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Life Without Father

A Son Looks for Answers from a Stoic Parent Back from War

Frank Pittman • 2/7/2019

By Frank Pittman - Even though I knew I wanted to be a father when I grew up, I didn’t know exactly what skills were required. We of the ’40s and ’50s grew up with fathers who were off at war or at work, and who weren’t part of the family even when they were at home. We were essentially fatherless.

Daily Blog

Six Ways to Find Comedy in Even the Darkest Moments

Shaking Your Clients Loose from Their Tragic Stances

Frank Pittman • 4/4/2018

By Frank Pittman - Therapy, in order to shake people loose from their tragic stances and bounce them into the human comedy, is at its best when it is funny, when the tragic family story being acted out is rewritten to provide a happy ending. I urge therapists to keep these simple guidelines in mind as they go through their day.

Daily Blog

The Liberating Power of Honesty

What People Don't Know Can Hurt Them. What They Don't Reveal Can Hurt Even More

Frank Pittman • 11/23/2017

By Frank Pittman - When we therapists believe a secret's revelations would be dangerous, the client receives a frightening message about him- or herself and about the world. We may accept our patients and make psychodynamic, systemic or sociological excuses for them, while still conveying that their secret is unacceptable. Thus, while explicitly "supporting" them, we implicitly undermine their sense that they are fundamentally decent, acceptable people.

Daily Blog

Coping and Learning After a Client's Suicide

A Therapist Reflects on What He Might Have Done Differently

Frank Pittman • 9/7/2017

By Frank Pittman - I've been in full-time private practice for almost 30 years. In that time, three patients in my practice killed themselves. Each suicide has left me shell-shocked and questioning my therapeutic attitudes and methods. I did not expect Adam to be one of my casualties.

Daily Blog

Turns in the Road

Highlights from the Networker Journey

Mary Sykes Wylie, Dusty Miller, Esther Perel, Frank Pittman, Fred Wistow, Gary Greenberg, Katy Butler, Laura Markowitz, Molly Layton, Rich Simon, Ron Taffel • 1/1/2017

Out of all the hundreds and hundreds of articles that have appeared in the Networker over the past four decades, we’ve chosen a small sampling that captures the magazine’s most journalistic side, conveying not so much the eternal verities of our profession, but the sense of reading a first draft of the field’s history. Among other things, you’ll find therapeutic methods that, as exciting as they seemed at the moment, didn’t stand the test of time as well as initial forays into discussing complex issues we’re still struggling with today. We’ve also added in a few examples of writing so immediate and compelling that they have an air of timelessness. Prepare yourself for an interesting journey.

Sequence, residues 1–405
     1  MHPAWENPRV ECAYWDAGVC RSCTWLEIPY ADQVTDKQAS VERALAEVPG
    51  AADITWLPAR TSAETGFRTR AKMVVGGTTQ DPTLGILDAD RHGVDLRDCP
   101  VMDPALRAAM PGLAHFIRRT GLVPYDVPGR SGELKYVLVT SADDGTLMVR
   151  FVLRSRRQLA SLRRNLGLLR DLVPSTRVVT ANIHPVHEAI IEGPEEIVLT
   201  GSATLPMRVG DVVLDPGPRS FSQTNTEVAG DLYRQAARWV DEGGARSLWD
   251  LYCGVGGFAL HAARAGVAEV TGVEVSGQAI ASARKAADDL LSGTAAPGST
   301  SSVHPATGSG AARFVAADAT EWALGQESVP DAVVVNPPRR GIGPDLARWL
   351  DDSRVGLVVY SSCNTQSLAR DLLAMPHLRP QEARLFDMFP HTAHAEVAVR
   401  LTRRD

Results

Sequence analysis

Magazine Article
Copyright:
3/18/2013
Authors:
WILLIAM DOHERTY, PH.D.
 
RON TAFFEL, PH.D.
 
KENNETH V. HARDY, PH.D.
 
BETTY CARTER, MSW
 
FRANK PITTMAN, MD
 
MARY SYKES WYLIE, PHD
 
MOLLY LAYTON, PHD
Product:
NRC095560
Copyright:
3/15/2013
Authors:
MARTHA STRAUS, PH.D.
 
CLOE MADANES, HDL, LIC
 
DAVID TREADWAY, PH.D.
 
FRANK PITTMAN, MD
 
LASCELLES BLACK, MSW, LMFT
 
MARY PIPHER, PH.D.
Product:
NRC095559
Copyright:
2/4/2013
Authors:
DON-DAVID LUSTERMAN, PHD
 
EMILY BROWN, LCSW
 
FRANK PITTMAN, MD
 
LEO FAY, PHD
 
SHIRLEY GLASS, PHD
Product:
NRC095551

Voices of Truth

Frank Pittman • 9/24/2009

By Frank Pittman - When TV finally came, in the early '50s, the world it brought into our living rooms was black and white, and dumbed way down. Newsmen now had faces, and, as eyewitnesses, we could now determine who had an honest face and who didn't. The most honest of the talking heads seemed to be the revered war correspondent Edward R. Murrow. Now the actor George Clooney has put together a reenactment of the public clash between Murrow and the rabid senator Joe McCarthy. It's called Good Night and Good Luck.

Magazine Article

Screening Room

Move Over, Meryl: Kate Winslet Ascends to Center Stage

Frank Pittman • 5/5/2009

What separates screen actors who remain enshrined in our memory from those who just momentarily catch our eye?

Magazine Article
Page 1 of 3 (30 Items)
Copyright:
3/18/2013
Authors:
WILLIAM DOHERTY, PH.D.
 
RON TAFFEL, PH.D.
 
KENNETH V. HARDY, PH.D.
 
BETTY CARTER, MSW
 
FRANK PITTMAN, MD
 
MARY SYKES WYLIE, PHD
 
MOLLY LAYTON, PHD
Product:
NRC095560
Copyright:
3/15/2013
Authors:
MARTHA STRAUS, PH.D.
 
CLOE MADANES, HDL, LIC
 
DAVID TREADWAY, PH.D.
 
FRANK PITTMAN, MD
 
LASCELLES BLACK, MSW, LMFT
 
MARY PIPHER, PH.D.
Product:
NRC095559
Copyright:
2/4/2013
Authors:
DON-DAVID LUSTERMAN, PHD
 
EMILY BROWN, LCSW
 
FRANK PITTMAN, MD
 
LEO FAY, PHD
 
SHIRLEY GLASS, PHD
Product:
NRC095551
Page 1 of 1 (3 Items)

Life Without Father

A Son Looks for Answers from a Stoic Parent Back from War

Frank Pittman • 2/7/2019

By Frank Pittman - Even though I knew I wanted to be a father when I grew up, I didn’t know exactly what skills were required. We of the ’40s and ’50s grew up with fathers who were off at war or at work, and who weren’t part of the family even when they were at home. We were essentially fatherless.